World

Secretary of State Powell arrived in Pakistan amid a nationwide general strike and results from a new opinion poll showing 83 percent public support for the Taliban regime in neighboring Afghanistan. Powell is to brief President Pervez Musharraf today on the US counterterrorism campaign and to try to ease tensions with neighboring India in their dispute over Kashmir. Above, smoke from an anti-US protest fills a Karachi street. (Related story, page 10.)

The anti-Taliban Northern Alliance was claiming to have advanced to within five miles of the strategic city of Mazar-e-Sharif as a heavy new wave of US bombing attacks rocked Afghanistan's capital, Kabul, and other sites. If Mazar-e-Sharif, the largest city in northern Afghanistan, falls, it would be the alliance's first major gain since the bombing began. But the Taliban denied that 4,000 of its fighters had defected to the alliance. (Related stories, pages 1, 7; opinion, page 9.)

Alarms over anthrax extended outside the US to as far away as Australia, where 16 buildings were investigated after receiving suspicious mail. All proved to be hoaxes. Similar investigations were under way in Israel, Belgium, Denmark, France, the Swiss pharmaceutical company Novartis, German Chancelor Gerhard Schröder's office, and the German aid group whose workers are on trial in Afghanistan for preaching Christianity. Meanwhile, Britain's Canterbury Cathedral reopened after an anthrax scare, as did Vienna's airport.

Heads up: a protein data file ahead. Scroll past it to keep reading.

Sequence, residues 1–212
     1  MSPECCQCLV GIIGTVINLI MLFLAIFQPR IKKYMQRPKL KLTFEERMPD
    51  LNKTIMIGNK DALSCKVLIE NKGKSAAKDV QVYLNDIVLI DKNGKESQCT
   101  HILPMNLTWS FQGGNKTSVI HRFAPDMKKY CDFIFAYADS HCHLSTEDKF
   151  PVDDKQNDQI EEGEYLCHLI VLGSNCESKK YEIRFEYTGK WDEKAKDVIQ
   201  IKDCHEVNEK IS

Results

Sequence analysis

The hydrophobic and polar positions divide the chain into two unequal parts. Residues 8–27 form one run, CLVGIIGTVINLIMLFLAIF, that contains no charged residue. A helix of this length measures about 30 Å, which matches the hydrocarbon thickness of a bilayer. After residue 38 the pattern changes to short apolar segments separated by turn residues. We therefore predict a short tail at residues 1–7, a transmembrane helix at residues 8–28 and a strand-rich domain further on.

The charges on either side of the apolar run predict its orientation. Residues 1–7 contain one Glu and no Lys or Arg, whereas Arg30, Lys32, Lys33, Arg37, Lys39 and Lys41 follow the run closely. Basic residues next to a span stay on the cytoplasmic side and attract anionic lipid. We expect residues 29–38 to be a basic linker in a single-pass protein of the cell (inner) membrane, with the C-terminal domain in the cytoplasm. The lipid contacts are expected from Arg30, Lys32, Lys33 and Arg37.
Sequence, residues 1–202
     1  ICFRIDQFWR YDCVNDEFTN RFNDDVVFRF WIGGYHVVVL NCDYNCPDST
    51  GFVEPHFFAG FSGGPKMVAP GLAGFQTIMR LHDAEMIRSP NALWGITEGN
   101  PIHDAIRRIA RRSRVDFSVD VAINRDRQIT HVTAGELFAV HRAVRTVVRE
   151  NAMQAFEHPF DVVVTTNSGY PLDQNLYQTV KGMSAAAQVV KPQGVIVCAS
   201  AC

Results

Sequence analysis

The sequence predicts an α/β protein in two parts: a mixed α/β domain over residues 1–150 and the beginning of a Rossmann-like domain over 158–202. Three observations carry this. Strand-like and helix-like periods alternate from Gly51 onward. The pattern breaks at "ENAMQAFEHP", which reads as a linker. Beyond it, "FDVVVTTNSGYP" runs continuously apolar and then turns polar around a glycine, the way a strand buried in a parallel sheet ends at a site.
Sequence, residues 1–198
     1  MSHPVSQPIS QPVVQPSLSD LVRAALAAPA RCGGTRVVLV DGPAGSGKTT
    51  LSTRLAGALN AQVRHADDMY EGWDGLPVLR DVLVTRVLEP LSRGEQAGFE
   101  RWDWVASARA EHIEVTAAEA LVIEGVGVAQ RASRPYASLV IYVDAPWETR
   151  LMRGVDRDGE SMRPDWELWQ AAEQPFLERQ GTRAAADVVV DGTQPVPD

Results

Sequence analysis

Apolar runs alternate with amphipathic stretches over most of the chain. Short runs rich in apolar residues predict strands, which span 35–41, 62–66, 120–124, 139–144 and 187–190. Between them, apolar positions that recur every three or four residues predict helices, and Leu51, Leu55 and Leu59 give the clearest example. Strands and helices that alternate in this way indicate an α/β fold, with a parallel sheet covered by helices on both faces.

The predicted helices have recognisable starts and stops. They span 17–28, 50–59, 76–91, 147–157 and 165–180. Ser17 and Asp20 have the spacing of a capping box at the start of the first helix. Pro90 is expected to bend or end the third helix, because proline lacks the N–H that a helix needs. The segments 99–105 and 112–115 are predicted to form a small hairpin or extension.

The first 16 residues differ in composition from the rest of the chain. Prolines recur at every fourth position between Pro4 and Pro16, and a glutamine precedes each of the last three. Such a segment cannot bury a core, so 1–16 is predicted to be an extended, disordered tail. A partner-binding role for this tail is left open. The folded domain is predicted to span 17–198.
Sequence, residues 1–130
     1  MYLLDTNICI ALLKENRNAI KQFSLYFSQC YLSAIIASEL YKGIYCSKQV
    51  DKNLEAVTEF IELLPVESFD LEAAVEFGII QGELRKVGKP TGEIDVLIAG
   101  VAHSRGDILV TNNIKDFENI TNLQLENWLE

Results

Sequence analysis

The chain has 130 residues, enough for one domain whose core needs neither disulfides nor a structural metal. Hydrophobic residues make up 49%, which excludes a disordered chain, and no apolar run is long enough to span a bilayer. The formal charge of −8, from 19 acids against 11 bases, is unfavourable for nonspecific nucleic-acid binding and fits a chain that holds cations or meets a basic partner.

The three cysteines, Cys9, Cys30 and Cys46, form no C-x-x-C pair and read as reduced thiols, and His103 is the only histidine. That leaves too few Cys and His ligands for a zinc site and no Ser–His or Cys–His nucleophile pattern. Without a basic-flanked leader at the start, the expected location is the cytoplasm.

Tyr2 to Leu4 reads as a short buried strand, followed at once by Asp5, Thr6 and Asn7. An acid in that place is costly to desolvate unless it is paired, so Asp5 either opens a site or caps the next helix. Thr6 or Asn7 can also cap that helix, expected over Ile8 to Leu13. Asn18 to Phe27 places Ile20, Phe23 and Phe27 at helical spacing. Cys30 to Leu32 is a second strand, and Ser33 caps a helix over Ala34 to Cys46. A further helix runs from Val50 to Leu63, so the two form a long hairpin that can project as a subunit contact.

Another leading Palestinian militant was killed in the West Bank in a car-bomb attack, the second member of the Hamas organization to die violently in two days. Palestinian leaders quickly blamed Israel, even as Prime Minister Sharon ordered tanks out of a self-rule zone in Hebron and eased restrictions at roadblocks. But those moves angered the hardline National Unity and Israel Beitenu parties, which quit Sharon's coalition government. Meanwhile, in London, Yasser Arafat won British backing for creation of a "viable" Palestinian state. (Related story, page 6.)

Although election returns were incomplete, the opposition Peronist Party appeared headed to control of both houses of Argen-tina's Congress after Sunday's voting. The outcome puts beleaguered President Fernando de la Rua in the position of trying to push his widely unpopular austerity plan with only minority support among lawmakers. Yet he quickly renewed his commitment to the plan, aimed at keeping Argentina from defaulting on $132 billion in debt.

Another attempt at resolving the long-running political crisis in Haiti collapsed as President Jean-Bertrand Aristide's Lavalas Family Party and the 15-party opposition alliance couldn't agree on new elections. Their talks, which broke down Sunday, were sponsored by the Organization of American States. The opposition claims Lavalas won power by fraud and demands a new vote. About $500 million in international aid remains on hold until the dispute is resolved.

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